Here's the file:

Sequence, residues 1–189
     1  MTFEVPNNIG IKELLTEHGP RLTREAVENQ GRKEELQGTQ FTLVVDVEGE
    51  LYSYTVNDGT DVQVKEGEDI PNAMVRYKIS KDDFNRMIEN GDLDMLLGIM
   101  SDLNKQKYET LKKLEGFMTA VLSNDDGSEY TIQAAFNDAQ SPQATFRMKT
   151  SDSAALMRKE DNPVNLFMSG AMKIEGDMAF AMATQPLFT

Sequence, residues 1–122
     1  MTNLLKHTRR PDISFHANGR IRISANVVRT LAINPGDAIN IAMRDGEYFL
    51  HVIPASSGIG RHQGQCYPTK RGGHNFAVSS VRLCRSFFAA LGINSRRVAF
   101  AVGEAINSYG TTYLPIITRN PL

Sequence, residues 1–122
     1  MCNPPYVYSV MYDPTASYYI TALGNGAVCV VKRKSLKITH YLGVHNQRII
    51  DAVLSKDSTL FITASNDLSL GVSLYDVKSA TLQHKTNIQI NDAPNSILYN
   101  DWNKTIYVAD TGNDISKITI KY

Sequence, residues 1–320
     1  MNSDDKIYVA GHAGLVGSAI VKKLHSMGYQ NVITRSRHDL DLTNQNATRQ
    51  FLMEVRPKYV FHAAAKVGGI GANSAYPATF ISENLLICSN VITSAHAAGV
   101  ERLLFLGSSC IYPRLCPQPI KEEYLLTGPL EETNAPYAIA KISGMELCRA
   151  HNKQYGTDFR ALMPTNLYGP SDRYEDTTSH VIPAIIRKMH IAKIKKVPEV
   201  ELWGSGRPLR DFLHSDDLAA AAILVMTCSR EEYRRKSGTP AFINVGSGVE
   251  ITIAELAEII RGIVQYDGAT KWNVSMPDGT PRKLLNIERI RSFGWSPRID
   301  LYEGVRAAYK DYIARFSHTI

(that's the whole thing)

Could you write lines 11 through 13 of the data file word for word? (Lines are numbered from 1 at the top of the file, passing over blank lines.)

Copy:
     1  MCNPPYVYSV MYDPTASYYI TALGNGAVCV VKRKSLKITH YLGVHNQRII
    51  DAVLSKDSTL FITASNDLSL GVSLYDVKSA TLQHKTNIQI NDAPNSILYN
   101  DWNKTIYVAD TGNDISKITI KY